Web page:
Hard to believe all the depth Eastern Washington has running the football.
Eight guys packed it for 19 yards or more on a single play Saturday – and this against a team that’s supposed to be the runningest thing this side of a toddler’s nose on a 20-degree afternoon.
OK, so one of them was a linebacker and another a defensive end who did the scoop-and-score thing with two fumbles. But a yard is yard, and 20 or 30 – or 60 – at a crack make the game all that much easier, however they come.
Here’s something else that makes the game easier: Antoine Custer Jr.
His first touch of the season came in the final 90 seconds of the first quarter of the Big Sky Conference opener at Roos Field and ended 9 yards later. On touch No. 2, he stormed through a gap cleared by the left side of EWU’s offensive line and motored 62 yards untouched to the end zone, one of those statement moments that was about as subtle as those Acme products which continually crease Wile E. Coyote’s noggin.
Little Big Man is back.
And speaking of statements: Eastern 70, Cal Poly 17 – Eastern’s biggest point total in 52 years.
“That’s a big number,” marveled EWU center Spencer Blackburn. “But I think the bigger number is the rushing yards.”
That would be 441 – and there’s more fun with math beyond that, but all in good time. For now, just be advised that four Eastern running backs topped 50 yards – and averaged more than 10 yards a carry, as did quarterback Gage Gubrud.
“All four of those guys,” EWU coach Aaron Best said, “make the guys up in front of them better.”
In his second season as Eastern’s head coach after a 16-year apprenticeship tutoring the offensive line – and four years as the Eagles’ center before that – Best’s intention of building a more balanced offensive attack hasn’t always been a universal hit with fans partial to fling-it-around fun. And his pedigree would certainly suggest a soft spot for the fellows grading the road, perhaps at the expense of the skilled staff.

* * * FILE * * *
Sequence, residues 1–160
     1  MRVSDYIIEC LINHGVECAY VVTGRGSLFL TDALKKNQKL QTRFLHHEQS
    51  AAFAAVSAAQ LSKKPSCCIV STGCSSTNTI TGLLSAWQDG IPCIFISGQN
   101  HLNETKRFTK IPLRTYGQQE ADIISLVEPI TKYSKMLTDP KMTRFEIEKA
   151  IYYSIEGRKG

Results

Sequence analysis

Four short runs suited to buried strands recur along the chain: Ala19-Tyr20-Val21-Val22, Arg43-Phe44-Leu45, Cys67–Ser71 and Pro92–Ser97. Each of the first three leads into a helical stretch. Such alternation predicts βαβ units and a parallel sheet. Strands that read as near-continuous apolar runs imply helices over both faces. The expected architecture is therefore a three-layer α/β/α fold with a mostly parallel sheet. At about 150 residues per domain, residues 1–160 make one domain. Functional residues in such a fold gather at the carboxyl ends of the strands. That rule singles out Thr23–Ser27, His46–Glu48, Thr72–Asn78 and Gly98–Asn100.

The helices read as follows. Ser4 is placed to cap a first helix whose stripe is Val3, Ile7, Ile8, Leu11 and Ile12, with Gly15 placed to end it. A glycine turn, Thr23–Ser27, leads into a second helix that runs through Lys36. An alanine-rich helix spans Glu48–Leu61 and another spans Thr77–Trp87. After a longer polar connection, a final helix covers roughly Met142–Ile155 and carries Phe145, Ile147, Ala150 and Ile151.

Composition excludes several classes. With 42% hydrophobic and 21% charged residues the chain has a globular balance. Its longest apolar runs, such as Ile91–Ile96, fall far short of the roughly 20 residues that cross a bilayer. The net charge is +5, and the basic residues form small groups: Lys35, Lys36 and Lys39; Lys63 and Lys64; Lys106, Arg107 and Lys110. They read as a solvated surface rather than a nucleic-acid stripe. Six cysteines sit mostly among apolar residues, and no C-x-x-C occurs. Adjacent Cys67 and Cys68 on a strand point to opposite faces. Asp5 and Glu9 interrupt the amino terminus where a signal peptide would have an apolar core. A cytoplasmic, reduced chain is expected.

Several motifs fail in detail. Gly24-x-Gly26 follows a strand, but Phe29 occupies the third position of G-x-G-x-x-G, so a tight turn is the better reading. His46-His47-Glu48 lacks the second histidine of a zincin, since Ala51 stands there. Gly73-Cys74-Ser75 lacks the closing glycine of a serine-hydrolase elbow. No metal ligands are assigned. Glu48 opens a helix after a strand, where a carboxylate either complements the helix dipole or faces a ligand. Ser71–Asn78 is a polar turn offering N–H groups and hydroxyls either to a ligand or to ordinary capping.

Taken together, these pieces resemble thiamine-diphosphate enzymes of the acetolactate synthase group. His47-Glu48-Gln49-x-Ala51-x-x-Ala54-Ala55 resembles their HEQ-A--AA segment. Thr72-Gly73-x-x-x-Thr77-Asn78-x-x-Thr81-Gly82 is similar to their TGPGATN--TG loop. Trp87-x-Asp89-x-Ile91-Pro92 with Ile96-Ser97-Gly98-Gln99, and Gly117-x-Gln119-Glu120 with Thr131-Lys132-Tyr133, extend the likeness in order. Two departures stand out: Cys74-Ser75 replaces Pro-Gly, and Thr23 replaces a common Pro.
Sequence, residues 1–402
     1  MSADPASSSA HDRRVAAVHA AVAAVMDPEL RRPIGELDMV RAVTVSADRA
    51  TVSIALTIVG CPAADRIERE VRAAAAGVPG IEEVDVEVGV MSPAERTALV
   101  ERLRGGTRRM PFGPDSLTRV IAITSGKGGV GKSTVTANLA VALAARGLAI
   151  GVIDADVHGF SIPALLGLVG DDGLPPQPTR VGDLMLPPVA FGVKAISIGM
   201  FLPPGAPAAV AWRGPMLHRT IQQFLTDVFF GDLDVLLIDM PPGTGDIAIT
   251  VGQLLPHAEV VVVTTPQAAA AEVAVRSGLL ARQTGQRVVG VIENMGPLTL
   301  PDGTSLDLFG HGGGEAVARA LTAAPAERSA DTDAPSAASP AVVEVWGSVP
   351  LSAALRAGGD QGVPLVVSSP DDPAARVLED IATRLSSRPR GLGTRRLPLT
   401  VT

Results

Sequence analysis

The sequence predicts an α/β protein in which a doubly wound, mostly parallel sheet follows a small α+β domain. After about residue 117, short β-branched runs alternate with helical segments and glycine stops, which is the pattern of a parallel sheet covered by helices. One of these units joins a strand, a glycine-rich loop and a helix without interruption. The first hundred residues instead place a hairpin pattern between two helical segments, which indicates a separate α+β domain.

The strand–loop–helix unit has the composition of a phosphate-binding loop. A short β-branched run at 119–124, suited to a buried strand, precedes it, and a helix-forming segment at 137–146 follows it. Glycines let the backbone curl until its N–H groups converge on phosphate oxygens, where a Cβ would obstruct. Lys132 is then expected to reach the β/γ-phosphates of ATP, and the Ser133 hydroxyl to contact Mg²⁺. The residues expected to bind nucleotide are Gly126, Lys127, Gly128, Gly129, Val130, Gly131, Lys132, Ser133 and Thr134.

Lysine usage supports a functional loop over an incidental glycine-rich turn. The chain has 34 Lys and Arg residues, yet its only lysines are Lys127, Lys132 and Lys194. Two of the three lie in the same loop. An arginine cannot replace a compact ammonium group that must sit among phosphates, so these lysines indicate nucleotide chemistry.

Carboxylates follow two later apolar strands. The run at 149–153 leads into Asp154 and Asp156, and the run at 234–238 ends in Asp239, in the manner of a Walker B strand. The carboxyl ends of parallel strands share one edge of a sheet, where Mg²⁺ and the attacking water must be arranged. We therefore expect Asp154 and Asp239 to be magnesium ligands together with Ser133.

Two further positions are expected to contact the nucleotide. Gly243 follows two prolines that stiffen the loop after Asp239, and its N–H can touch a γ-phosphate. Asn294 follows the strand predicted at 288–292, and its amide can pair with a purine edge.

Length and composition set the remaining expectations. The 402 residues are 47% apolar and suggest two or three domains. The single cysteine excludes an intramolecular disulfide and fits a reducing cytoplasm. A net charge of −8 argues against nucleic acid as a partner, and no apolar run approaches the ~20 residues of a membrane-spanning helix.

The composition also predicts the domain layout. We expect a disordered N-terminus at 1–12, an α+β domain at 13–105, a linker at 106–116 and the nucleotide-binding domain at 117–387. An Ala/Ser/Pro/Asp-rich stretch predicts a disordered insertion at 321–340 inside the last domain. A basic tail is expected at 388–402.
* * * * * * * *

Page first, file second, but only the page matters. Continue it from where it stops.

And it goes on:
But, well, not.
“It’s not the offensive line that makes the tailback better,” he insisted. “It’s the tailback who makes the offensive line better. It took me about five years of my career to figure that out. It doesn’t matter what’s up front, it’s what’s behind.”
Hey, this kind of talk will get a guy’s O-line alumni club card revoked.
“I thought it was the other way around early on when we had really good offensive lines,” he said, “and then we had some years when everybody wanted to know why we can’t run the ball. Then you add a Taiwan Jones and we become really good.
“It’s like the Dallas Cowboys – you lose Ezekiel Elliott and still have the same guys up front, but you’re not as potent. Look, there has to be some chemistry, for sure. But there’s got to be a guy behind you that makes things happen.”
The Eagles had been getting along just fine this season with Sam McPherson carrying the ball as Custer rehabbed a pulled hamstring and worked through a “minor” blood clot. But the dimensions of Eastern’s run game became more evident Saturday with Custer’s return.
The 62-yard touchdown was just the start. In the third quarter, with the Mustangs still trying to overcome the two crushing fumble rumbles Eastern had turned into scores, the junior from Berkeley, California, broke Poly’s will with a 43-yard burst around the corner, getting a terrific block downfield from receiver Andrew Boston.
But the previous snap might have been even more telling – a third-and-1 in which Custer cracked into a stacked box for that single necessary yard, and no more.
“That was a hard yard,” he acknowledged. “Third-and-1s are always big, no matter what the score. You don’t get it and that’s just another opportunity for the other team.”
He would finish with 133 yards – just the fourth-best total of his career. But they came on a mere eight carries. In all, EWU averaged 14.6 yards per rush – a Big Sky record.
Now, some of this is a sign of how far the Mustangs have fallen – co-Big Sky champs their first year in the league in 2012, 1-10 a year ago. A few weeks ago, No. 1 North Dakota State’s running attack similarly brutalized them. But in week two, Poly lost by just a touchdown to Weber State, the Sky’s defending champs and FCS quarterfinalists a year ago.
So bigger tests await – and for the coach, too.
“All those guys want 15 to 20 carries instead of four or five,” he said. “They’re hungry. But you only have so much food for them.”
But he’s not going to forget: It’s what’s behind what’s up front that counts.
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